SUN PRAIRIE — Tommy Millner leads a company that sells bass baits, bullets and backpacks. Rolando Rodriguez heads up a cinema chain with reclining lounge chairs, fresh pizza and gelato stands.
But Millner, of Nebraska-based Cabela’s, and Rodriguez, of Marcus Theatres in Milwaukee, are similar in that they both require high-traffic, easily accessible locations for their businesses to thrive.
So it was no surprise that when the two CEOs came here to open their newest properties on April 30 they would rave about the 110 acres that just a few years ago was primarily farmland but has been transformed into the Shoppes at Prairie Lakes.
“This was first, second, third, fourth and fifth place,” Millner said when asked about other locations the company considered in the Madison area. “Anything else was not great. The development’s very well thought out.”
Ditto for Rodriguez, whose Palace Theatre also features a cocktail bar with a big-screen television and four auditoriums with food service directly to a moviegoers seat. The 12-screen cinema complex replaces the 16-screen Eastgate Cinema in Madison.
“When you look at this trade area, it’s booming,” Rodriguez said. “It’s really starting to come alive.”
Prairie Lakes, just north of Interstate 39-90-94 and along four-lane Highway 151, has grown into a major regional shopping and entertainment destination. There is still room for more additions to the development, including plans for a hotel. But Prairie Lakes is helping to influence other growth nearby and has drawn a good share of local tenants as well.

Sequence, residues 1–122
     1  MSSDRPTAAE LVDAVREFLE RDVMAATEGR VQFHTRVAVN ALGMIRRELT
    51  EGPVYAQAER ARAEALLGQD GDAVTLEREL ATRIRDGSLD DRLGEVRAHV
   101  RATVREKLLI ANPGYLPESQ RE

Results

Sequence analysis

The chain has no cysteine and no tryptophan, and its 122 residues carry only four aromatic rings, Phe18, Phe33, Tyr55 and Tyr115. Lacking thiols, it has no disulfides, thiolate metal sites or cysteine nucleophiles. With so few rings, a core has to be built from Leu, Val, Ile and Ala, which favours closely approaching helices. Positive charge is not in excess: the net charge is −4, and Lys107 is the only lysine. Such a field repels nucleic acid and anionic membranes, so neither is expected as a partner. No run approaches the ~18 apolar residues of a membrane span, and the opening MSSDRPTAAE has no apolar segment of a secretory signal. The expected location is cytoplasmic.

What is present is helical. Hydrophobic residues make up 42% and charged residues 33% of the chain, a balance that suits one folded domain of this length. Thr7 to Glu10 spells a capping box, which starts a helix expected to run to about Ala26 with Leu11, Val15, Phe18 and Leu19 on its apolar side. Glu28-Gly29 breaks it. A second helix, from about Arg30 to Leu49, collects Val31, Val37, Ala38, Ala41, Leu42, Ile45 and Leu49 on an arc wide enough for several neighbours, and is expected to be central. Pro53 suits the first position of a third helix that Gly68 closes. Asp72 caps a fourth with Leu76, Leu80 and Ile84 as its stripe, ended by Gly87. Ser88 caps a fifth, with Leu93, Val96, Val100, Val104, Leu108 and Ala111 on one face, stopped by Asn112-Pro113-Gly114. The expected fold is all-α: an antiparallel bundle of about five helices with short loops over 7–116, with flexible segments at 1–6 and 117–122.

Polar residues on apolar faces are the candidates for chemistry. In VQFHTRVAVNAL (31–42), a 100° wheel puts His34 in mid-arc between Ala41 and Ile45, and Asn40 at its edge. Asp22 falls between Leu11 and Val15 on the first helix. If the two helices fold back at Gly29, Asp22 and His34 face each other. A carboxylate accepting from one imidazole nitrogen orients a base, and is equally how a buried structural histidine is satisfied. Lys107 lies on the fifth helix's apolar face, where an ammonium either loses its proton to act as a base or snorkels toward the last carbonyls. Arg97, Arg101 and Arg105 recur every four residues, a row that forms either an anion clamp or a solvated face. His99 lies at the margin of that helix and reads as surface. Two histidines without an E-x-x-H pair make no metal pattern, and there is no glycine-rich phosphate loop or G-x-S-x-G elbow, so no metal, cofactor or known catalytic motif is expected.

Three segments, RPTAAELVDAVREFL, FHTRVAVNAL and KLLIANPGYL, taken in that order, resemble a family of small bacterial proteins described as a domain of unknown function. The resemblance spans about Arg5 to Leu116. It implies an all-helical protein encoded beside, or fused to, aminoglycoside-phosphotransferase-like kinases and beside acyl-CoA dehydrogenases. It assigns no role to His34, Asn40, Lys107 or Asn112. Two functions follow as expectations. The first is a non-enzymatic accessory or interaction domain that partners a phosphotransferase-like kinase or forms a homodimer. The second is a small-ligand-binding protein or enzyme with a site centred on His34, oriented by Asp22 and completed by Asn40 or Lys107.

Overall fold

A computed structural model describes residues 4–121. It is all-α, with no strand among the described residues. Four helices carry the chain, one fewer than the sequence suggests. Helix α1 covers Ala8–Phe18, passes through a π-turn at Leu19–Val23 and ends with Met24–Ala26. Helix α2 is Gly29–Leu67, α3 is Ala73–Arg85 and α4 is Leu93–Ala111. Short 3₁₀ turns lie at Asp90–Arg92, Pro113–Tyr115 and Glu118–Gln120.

Just to the north of Prairie Lakes, the city of Sun Prairie is working on amending the land-use plan for a 220-acre section of the city bounded by Highway 151, Main Street and South Grand Avenue.
Original plans had called for more office space. The revised plan, scheduled to be discussed Tuesday before the City Council, has more of a focus on retail, including the potential for a Menard’s. The plan also includes mixed-use housing, a possible school, parkland and better addresses wetlands. The plan could be approved later this month and would replace the land-use plan adopted in 2004, prior to the the recession.
“This plan is a little more realistic,” said Scott Kugler, the city’s planning director. “I think the success of Prairie Lakes is definitely having an impact.”
Prairie Lakes started in 1999 when the land was purchased and, over time, $10 million was spent by developers Jerry Connery and partners Ron Fedler and his son Chad Fedler on roads and water and sewer lines. Building the infrastructure up front and conducting traffic studies removed hurdles for potential tenants, who were left primarily with just architectural approvals from the city.
Target was the first to open in 2009. Prairie Lakes began to take off in 2012 when Janesville-based Woodman’s Market opened a 225,000-square-foot $20 million grocery store. Later that year, Costco opened a 152,000-square-foot store.
“If we hadn’t closed on Target when we did we probably wouldn’t have gotten them because the world changed,” Connery, 63, said, referring to the recession. “The last three years is when things have really gotten going. We could go faster, but we really don’t want it to because we’re somewhat picky in what we’re bringing in.”
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The additions of Woodman’s and Costco helped open the retail and restaurant flood gates that ultimately pushed Marcus to break ground on their long-awaited theater complex and for Cabela’s to open its fourth Wisconsin store, joining others in Prairie du Chien, Richfield northwest of Milwaukee and near Lambeau Field in Green Bay.